My legs were not working and I was laughing. I had just completed one of Pt. Reyes’ easiest walks from the park headquarters out to the beach and back via Bear Valley. At the end of the 10 mile round trip, I had gratefully fallen into my car and driven to Bodega Bay. It was 1969 and the pre-Yuppified Inn-at-the-Tides consisted of motel cabins going for $15 as opposed to rooms starting at $200. My legs had gone on strike when I stepped out of the car to register.
I had just completed a year of recruiting for Peace Corps in the Southern United States where exercise had consisted of traveling between airports, motels and college campuses from Texas to Washington DC. Adding injury to insult, I had eaten most of my meals at Southern restaurants serving large helpings of Southern food. Curt had become a little chubby. The legs were not happy. Fortunately, a half-pint of whiskey and a full night’s sleep ended their rebellion. The next morning I returned to my exploration of Pt. Reyes and the beginning of a life-long love affair with the North Coast of California.
Peggy and I returned to the area last week for three days and stayed at Olema Campground in the small town of the same name. It’s always been my campground of choice and has changed little over the decades. Even the restrooms have remained the same. I’ve used the campground as my jump off point for exploring Pt. Reyes, as a writing retreat, and as a campsite for the 500 mile-bike treks and 7 day walking tours I led on the North Coast during the 70s, 80s and 90s.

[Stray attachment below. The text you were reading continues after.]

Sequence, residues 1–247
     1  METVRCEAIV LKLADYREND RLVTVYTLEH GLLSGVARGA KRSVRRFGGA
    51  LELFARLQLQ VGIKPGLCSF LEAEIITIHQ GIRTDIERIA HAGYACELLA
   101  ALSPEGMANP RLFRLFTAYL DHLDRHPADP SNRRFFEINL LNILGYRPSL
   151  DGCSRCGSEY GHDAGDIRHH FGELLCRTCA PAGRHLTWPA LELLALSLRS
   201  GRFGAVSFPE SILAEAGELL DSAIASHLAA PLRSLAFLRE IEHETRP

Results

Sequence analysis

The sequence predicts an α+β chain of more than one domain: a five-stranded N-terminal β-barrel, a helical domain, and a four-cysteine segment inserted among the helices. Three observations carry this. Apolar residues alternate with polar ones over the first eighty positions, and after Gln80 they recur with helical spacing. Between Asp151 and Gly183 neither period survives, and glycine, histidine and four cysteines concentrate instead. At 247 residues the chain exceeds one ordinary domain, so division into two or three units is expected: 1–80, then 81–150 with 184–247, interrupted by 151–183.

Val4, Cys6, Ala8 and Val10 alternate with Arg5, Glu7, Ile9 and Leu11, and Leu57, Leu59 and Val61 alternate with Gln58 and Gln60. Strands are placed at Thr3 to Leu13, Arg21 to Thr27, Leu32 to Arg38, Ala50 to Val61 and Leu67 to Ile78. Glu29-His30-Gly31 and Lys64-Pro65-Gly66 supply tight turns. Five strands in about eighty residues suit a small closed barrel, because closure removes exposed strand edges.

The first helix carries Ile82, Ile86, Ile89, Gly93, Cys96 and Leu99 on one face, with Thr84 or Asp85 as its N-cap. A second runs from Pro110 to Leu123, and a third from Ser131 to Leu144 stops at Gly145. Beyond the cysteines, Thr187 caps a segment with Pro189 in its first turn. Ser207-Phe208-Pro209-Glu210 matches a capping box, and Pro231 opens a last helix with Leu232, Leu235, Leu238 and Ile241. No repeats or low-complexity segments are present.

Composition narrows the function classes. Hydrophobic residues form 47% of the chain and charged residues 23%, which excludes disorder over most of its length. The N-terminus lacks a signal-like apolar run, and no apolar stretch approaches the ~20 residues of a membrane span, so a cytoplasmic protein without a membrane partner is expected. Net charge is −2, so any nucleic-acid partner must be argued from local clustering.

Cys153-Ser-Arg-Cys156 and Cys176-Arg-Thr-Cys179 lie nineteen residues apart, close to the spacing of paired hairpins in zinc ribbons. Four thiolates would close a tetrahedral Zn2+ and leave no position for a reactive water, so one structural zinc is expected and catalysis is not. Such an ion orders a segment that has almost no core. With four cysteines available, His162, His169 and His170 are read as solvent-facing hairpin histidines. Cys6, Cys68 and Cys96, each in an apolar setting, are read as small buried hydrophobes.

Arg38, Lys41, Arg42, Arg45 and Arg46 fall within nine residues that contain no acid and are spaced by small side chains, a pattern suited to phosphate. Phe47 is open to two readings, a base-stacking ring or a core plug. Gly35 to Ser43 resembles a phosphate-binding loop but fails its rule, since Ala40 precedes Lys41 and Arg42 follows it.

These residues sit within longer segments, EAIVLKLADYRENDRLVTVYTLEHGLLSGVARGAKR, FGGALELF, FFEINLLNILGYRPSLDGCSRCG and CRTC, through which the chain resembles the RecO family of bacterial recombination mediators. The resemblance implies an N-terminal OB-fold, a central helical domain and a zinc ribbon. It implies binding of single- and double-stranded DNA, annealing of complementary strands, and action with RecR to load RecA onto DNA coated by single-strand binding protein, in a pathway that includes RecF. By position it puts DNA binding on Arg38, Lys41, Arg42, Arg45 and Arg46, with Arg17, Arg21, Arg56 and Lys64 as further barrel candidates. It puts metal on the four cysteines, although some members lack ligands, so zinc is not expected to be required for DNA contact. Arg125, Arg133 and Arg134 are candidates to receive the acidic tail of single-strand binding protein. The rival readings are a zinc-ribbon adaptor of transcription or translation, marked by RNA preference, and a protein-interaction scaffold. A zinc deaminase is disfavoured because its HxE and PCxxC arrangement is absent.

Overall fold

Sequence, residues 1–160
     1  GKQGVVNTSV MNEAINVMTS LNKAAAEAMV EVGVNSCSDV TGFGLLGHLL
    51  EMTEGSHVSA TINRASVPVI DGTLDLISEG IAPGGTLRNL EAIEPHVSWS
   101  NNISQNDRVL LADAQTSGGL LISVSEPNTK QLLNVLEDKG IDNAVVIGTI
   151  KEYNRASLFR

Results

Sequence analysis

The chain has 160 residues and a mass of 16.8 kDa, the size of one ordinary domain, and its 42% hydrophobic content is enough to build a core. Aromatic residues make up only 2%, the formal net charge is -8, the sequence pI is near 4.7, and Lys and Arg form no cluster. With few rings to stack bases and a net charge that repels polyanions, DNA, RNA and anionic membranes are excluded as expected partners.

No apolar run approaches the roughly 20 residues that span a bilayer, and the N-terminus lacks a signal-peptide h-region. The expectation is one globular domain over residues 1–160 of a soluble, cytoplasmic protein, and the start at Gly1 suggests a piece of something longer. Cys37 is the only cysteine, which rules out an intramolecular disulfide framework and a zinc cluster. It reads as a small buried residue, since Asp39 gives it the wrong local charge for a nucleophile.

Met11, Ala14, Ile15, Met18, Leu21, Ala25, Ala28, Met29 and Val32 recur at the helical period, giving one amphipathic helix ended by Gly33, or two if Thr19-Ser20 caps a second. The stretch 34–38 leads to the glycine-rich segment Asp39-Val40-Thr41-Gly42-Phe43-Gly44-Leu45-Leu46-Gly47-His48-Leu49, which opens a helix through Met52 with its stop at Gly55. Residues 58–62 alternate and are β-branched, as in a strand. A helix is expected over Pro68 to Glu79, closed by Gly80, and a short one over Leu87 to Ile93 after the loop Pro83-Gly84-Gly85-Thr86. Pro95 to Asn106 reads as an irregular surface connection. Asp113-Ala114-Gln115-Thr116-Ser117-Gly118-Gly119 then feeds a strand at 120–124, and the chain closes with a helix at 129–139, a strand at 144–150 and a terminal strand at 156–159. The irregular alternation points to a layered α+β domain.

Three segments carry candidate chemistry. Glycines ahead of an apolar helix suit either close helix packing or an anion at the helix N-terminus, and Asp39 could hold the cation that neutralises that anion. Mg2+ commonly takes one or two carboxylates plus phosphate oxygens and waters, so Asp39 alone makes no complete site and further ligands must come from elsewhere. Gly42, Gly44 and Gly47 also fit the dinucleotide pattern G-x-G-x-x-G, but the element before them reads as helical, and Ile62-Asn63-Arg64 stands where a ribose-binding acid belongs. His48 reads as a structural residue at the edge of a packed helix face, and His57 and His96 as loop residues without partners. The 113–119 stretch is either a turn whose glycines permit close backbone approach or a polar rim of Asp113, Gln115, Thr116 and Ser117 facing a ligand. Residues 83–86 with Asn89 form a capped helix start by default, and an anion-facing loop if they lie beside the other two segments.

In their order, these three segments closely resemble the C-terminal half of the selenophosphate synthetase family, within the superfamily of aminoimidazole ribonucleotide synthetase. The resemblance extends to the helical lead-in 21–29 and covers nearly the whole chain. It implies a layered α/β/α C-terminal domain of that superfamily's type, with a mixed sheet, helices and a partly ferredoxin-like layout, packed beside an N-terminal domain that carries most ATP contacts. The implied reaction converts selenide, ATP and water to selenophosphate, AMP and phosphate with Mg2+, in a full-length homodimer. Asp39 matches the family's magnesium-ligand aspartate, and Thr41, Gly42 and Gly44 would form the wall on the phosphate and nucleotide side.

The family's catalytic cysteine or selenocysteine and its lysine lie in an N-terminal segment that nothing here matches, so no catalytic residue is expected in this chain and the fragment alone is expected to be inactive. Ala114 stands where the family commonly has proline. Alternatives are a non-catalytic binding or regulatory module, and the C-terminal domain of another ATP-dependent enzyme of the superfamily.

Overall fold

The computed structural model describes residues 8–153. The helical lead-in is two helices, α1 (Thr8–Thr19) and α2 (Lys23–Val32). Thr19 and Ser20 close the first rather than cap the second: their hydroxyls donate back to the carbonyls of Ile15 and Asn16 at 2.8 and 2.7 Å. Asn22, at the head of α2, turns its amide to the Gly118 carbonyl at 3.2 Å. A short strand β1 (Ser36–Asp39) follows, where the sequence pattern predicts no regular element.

Our friends Ken and Leslie Lake joined us at the campground, arriving just in time to eat lunch in Pt. Reyes Station and to visit the Bovine Bakery and Pt. Reyes Books. The bookstore is a jewel and the bakery has buttermilk scones to die for. They, along with the Station House Café, are required stops on my trips to Pt. Reyes.
Afterwards we visited the park’s information center in Bear Valley and did a short walk around the Earthquake Trail. The Olema Campground is located a quarter of mile from the park headquarters and the infamous San Andreas Fault. Sitting in camp we could look across the fault at the peripatetic park. It had begun life some 300 miles to the south and is still working its way north. Normally its progress is measured in inches over decades. In 1906 it jumped 20 feet in the earthquake that was responsible for the destruction of San Francisco. Local legend is the earth cracked open, swallowed an Olema cow, and closed, leaving only the tail showing.
NEXT BLOG: We will visit Limantour Beach and go for a beach walk.